Prescription medication use has continued to rise over the past decade in the United States.
As a result, American culture has become more and more drugged. Mayo reports nearly 7 in 10 Americans take prescription drugs and over half take two; 20% reportedly are on five or more medications (Mayo news releases June 2014). According to the Associated Press, traces of prescription medication have now even been discovered in our water supplies (http://www.hosted.ap.org/specials/interactives/pharmawater_site/sept14).
Medication certainly has a place in health care but the increased use has led to significant health issues.
First, consider that the addictive nature of many medications (i.e. narcotics) continue to create problems for individuals with chronic pain.
According to the National Institute on Drug Abuse, emergency department visits involving abuse of pharmaceuticals (either alone or in combination with another drug) increased 98.4 percent between 2004 and 2009.
In efforts to manage pain, more and more people appear to be heading to the prison of dependency (http://www.nida.nih.gov/DrugPages/Stats.html).
Second, it’s important for the consumer to carefully consider the risks versus the benefits of medication.
As an example, very commonly prescribed medications for high cholesterol are Statins (i.e. Crestor and Lipitor); their use is controversial as well as the perceived need to lower high cholesterol levels.
Research has indicated Statin medications often create muscle pain, muscle weakness and wasting, and can reduce the benefits of exercise, as well as increase risk or other medical disorders (Dr. Mercola, Joseph, 2010 and Thompson P, Journal of the American College of Cardiology, 2013).
These drugs reportedly also have not been shown to make people live longer. As a comparison, research has indicated lifestyle changes (including exercise) leads to a reduction of 4 out of 5 heart attacks in men (American College of Cardiology, Sept, 2014).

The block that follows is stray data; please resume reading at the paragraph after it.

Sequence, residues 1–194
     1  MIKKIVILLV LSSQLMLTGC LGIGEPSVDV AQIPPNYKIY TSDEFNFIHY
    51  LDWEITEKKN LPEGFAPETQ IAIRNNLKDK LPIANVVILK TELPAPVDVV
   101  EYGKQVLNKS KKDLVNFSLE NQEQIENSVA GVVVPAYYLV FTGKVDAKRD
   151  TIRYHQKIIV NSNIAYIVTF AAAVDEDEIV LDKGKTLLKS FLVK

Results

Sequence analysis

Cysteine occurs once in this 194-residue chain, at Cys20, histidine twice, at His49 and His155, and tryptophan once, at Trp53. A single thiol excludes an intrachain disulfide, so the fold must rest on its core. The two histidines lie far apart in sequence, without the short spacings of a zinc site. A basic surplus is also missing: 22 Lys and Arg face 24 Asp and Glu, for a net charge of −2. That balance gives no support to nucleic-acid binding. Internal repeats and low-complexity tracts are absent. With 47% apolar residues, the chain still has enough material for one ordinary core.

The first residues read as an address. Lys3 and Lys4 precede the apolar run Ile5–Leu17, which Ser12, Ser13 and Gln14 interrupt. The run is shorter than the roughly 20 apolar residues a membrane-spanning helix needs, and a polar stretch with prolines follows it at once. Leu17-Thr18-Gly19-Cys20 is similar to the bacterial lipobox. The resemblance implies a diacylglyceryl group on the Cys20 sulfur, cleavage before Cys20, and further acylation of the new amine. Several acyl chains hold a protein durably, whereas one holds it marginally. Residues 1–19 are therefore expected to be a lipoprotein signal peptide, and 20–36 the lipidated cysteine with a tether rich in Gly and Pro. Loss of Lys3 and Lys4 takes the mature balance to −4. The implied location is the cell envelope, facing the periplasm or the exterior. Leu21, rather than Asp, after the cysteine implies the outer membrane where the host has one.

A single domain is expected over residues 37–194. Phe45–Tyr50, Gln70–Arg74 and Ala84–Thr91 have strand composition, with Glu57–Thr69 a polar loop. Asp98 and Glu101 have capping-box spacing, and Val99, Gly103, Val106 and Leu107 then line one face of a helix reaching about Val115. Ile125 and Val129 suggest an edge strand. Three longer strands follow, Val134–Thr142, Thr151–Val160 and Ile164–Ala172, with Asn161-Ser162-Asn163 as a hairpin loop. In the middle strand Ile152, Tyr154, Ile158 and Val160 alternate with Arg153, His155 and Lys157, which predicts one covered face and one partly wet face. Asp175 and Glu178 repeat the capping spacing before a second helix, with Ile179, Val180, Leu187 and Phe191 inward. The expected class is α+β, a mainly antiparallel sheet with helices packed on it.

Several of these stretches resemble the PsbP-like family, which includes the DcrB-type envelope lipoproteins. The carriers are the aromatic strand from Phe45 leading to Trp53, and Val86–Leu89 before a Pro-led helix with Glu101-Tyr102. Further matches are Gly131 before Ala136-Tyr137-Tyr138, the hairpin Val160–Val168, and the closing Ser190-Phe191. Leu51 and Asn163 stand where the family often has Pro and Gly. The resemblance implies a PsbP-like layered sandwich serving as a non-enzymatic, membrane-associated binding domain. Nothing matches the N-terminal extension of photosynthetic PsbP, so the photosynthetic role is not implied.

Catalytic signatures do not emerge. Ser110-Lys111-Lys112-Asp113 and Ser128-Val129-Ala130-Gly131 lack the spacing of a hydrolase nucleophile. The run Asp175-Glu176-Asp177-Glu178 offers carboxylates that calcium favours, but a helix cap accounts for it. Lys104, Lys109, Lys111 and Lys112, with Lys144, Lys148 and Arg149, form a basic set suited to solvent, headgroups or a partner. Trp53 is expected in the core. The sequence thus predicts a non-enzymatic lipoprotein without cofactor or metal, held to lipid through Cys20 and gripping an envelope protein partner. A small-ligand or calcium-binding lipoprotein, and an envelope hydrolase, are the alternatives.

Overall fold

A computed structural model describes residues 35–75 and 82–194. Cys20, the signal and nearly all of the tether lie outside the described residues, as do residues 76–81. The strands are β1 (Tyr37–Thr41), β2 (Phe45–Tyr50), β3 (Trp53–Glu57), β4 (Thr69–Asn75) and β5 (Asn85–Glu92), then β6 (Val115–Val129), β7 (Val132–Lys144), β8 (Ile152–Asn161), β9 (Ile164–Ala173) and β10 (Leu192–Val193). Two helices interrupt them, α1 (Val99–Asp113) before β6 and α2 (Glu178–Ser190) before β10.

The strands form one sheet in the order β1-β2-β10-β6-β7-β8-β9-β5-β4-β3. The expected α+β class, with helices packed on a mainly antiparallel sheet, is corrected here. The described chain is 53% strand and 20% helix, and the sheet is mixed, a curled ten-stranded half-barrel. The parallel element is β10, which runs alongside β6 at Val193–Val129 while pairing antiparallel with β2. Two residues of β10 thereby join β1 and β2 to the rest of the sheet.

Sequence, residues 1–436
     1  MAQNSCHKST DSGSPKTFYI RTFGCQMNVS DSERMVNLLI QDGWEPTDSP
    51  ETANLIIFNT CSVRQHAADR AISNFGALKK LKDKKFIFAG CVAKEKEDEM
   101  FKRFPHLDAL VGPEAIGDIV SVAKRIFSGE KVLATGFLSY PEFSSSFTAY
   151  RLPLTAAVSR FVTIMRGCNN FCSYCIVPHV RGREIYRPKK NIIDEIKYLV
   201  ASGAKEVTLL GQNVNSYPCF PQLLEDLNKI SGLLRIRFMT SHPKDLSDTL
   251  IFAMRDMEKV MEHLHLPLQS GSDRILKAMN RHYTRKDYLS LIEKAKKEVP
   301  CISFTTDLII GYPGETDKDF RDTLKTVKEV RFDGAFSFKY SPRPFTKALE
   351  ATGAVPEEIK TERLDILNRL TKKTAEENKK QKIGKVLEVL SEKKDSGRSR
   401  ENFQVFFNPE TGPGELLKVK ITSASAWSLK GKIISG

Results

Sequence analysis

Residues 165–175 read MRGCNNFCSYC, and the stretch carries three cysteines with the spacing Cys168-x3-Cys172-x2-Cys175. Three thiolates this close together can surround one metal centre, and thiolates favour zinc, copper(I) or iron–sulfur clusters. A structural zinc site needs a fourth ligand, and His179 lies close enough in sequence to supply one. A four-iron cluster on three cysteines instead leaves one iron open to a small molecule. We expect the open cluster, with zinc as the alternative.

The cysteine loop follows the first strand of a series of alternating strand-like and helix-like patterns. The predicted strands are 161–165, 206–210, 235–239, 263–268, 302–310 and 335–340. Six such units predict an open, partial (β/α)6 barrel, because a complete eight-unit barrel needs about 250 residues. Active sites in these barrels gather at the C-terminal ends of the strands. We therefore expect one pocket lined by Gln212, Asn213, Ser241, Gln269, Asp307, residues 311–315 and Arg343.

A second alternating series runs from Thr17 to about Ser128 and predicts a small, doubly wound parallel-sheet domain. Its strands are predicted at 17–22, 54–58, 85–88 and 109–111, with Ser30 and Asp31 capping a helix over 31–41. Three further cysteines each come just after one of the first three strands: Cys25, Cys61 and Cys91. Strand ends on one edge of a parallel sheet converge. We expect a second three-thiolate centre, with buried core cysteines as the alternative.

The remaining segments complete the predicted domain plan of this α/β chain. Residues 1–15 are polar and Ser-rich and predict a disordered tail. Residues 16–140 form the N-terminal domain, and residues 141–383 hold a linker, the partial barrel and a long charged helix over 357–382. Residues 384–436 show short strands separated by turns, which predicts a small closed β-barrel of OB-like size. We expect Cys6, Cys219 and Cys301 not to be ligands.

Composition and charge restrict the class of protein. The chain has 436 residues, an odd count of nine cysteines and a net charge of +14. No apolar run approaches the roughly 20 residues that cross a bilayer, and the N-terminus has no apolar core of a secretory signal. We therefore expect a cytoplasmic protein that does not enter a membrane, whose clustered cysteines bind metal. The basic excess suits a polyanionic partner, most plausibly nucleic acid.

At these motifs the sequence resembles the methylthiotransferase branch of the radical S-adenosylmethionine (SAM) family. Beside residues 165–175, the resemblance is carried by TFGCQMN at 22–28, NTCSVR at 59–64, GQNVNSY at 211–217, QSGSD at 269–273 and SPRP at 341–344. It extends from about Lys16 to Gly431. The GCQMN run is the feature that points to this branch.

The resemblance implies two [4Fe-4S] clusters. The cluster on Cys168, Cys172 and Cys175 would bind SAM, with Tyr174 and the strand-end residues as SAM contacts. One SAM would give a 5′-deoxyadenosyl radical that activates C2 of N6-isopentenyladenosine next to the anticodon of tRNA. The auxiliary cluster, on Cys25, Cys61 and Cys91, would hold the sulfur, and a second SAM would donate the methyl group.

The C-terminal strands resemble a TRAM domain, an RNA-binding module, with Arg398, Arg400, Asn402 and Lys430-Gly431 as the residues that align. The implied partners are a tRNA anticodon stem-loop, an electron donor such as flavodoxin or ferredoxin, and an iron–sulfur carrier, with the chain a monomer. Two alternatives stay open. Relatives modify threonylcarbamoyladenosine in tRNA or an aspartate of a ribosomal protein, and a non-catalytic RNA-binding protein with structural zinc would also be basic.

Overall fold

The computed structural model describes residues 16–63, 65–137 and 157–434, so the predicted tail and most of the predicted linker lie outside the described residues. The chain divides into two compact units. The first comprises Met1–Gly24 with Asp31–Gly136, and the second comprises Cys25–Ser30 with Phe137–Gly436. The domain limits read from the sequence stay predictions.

Another population to consider is children with Attention Deficit problems. The number of children diagnosed with ADHD has been growing in the United States. The CDC has reported 11% of children have ADHD (2011). That was up from 7.8% from 2003.
Among these children, 6.1% were taking an ADHD medication, such as Adderall and Ritalin; this was up from 4.8% from 2007 (http://www.cdc.gov/ncbddd/adhd/data.html). A study (Katz, David, 2010, Journal Preventing Chronic Disease) indicated exercise resulted in a decline of medication use in children by 33%! Good exercise is like a drug in that under the right conditions it can have amazing outcomes.
A barrier to such lifestyle change, however, is the desire for so many to use medication as a “quick fix” and not to focus on good balanced lifestyle and effective time management. For those who watch a lot of television, drug company multi-media (direct-to-consumer) advertising has greatly capitalized on this path of least resistance.
Yet another barrier to change often is restrictive chronic pain in adults and children.
A licensed physical therapist is a relatively low cost option. These healthcare professionals are highly trained to evaluate (as well as diagnose and treat) many musculoskeletal and neurological disorders while effectively educating patients and reducing fear.
By improving exercise tolerance and allowing individuals to be more functional and active, often chronic pain cycles are broken. Besides improving quality of life, this can result in significant cost savings in medication, as well as the need for more downstream medical diagnostic testing and invasive procedures.
Thomas Edison said that “The doctor of the future will give no medicine but will interest his patients in the care of the human frame, in diet, and in the cause and prevention of disease.”
Medicine will always have a place in healthcare, however I believe therapeutic movement and exercise very often is the best medicine and needs more emphasis in our modern healthcare culture. Physical therapy often can really help.
To conclude, good lifestyle is all about good informed choices and time management. All of us have a responsibility to be proactive with our health. Therapeutic exercise often is the best prescription!. Consider the words of Earl of Derby, “Those who do not find time for exercise will have to find time for illness.”